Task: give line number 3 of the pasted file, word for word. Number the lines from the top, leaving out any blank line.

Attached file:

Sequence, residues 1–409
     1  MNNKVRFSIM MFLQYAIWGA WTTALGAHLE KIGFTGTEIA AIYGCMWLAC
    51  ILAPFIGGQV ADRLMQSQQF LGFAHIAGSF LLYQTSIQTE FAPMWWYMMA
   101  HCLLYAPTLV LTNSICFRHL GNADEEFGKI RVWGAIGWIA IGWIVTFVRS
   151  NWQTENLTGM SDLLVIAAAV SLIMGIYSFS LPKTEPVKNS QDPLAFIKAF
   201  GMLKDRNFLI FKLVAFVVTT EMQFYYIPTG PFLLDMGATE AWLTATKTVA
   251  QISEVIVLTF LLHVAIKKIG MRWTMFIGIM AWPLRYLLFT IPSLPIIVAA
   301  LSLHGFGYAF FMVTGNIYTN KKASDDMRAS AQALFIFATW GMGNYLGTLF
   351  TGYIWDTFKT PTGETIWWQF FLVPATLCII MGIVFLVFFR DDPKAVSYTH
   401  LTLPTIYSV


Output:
    51  ILAPFIGGQV ADRLMQSQQF LGFAHIAGSF LLYQTSIQTE FAPMWWYMMA